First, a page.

If you’re Bob Russell, the Lib Dem, you do the same when tabling opens for Early Day Motions. Bob always wants EDM no. 1, on the grounds it attracts more attention, and so he sleeps outside the Table Office the night before to grab his slot.

Chope – who has been doing this Presentation Bill lark for a few years now – is then at liberty to table as many bills as he wants. This explains the mystery of why he has so many bills on the Order Paper. He could, if he was so inclined, take up all the remaining no.1, 2 and 3 slots and no-one else would get a look in. (Well, they’d be no.4 and we rarely if ever get to the fourth bill on a Friday). If you think Chope might not have too many bills up his sleeve (which would be a bit silly of you) you could of course turn up at that room by the Public Bills office and spend the night there with him, in the hope of being second at the clerk’s door. Some might think that no legislative measure is quite so important that it’s worth putting yourself through that experience….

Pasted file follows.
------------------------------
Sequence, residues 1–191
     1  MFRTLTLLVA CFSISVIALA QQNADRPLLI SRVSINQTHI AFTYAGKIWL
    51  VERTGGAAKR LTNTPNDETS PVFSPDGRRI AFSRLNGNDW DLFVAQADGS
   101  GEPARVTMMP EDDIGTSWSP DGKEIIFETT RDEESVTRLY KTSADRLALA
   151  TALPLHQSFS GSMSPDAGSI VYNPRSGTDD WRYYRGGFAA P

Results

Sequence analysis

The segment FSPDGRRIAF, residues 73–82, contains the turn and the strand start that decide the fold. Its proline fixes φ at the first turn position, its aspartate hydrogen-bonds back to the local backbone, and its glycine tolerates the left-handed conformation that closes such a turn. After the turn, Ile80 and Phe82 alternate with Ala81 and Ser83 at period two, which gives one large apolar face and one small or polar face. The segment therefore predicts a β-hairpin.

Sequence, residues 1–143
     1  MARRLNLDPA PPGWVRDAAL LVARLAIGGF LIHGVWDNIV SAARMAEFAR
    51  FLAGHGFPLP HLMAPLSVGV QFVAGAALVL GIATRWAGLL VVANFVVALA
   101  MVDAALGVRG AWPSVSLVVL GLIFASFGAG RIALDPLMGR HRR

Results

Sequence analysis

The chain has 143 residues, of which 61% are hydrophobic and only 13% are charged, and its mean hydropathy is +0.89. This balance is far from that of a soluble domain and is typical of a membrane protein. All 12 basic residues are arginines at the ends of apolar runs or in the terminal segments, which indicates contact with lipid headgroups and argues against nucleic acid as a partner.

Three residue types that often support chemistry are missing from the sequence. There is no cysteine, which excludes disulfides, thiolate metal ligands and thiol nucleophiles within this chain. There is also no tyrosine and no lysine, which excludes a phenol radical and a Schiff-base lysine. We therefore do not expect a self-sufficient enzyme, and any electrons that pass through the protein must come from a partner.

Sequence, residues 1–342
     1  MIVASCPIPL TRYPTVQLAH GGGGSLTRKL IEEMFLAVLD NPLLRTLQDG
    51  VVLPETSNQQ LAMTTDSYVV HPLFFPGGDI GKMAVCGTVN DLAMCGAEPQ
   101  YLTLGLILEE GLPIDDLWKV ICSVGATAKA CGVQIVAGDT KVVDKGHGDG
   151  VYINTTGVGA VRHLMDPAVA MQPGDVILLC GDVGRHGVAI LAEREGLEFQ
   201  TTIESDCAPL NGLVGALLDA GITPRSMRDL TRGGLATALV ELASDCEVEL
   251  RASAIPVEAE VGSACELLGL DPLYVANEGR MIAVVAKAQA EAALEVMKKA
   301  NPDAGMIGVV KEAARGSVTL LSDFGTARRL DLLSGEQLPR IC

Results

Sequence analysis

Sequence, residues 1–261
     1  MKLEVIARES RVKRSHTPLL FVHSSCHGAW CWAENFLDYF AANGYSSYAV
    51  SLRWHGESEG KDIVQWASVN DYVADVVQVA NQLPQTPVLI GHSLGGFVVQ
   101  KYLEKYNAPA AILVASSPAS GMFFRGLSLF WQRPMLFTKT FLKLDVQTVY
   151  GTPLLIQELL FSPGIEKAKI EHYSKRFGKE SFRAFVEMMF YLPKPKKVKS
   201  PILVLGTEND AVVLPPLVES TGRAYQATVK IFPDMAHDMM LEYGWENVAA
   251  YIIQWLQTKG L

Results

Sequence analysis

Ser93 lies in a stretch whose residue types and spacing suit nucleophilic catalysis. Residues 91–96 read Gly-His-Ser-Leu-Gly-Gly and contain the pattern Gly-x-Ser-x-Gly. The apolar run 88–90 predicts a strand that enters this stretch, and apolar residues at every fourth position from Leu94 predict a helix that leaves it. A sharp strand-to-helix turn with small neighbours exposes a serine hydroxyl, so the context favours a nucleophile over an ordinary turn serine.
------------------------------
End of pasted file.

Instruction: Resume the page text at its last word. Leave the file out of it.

The third way of introducing a bill as a backbencher is a Ten Minute Rule Bill. These are introduced on the floor of the Commons on Tuesdays and Wednesdays; you do a ten minute speech, sometimes someone makes a speech objecting to it and pushes it to a vote, but usually not, and then it goes off to be listed on a sitting Friday too far down the agenda to do very much more with it. You get to choose which of the Fridays you want, though it doesn’t make much difference.

MPs like Ten Minute Rule Bills though as they’re a great way of drawing attention to an issue during prime parliamentary time, and you can then take the issue up in other ways. To get a Ten Minute Rule Bill slot you basically have to ask the whip if you can have one; they’re sort of divvied up between the parties… and then you have to present yourself at the Public Bills office and lay claim to the date you’ve been told is yours. In theory you could be gazumped by someone from your own party, but it doesn’t happen as far as I know. Would be very unsporting behaviour.